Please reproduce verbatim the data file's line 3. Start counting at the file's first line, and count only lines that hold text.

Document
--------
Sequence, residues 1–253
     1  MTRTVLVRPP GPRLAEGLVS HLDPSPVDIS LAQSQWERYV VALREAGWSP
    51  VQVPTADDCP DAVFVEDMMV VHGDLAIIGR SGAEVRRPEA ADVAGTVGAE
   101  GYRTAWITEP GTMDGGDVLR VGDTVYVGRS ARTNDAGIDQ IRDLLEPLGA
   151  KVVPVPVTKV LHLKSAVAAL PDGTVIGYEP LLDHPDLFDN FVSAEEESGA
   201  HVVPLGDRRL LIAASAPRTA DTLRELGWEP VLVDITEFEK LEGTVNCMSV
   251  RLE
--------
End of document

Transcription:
    51  VQVPTADDCP DAVFVEDMMV VHGDLAIIGR SGAEVRRPEA ADVAGTVGAE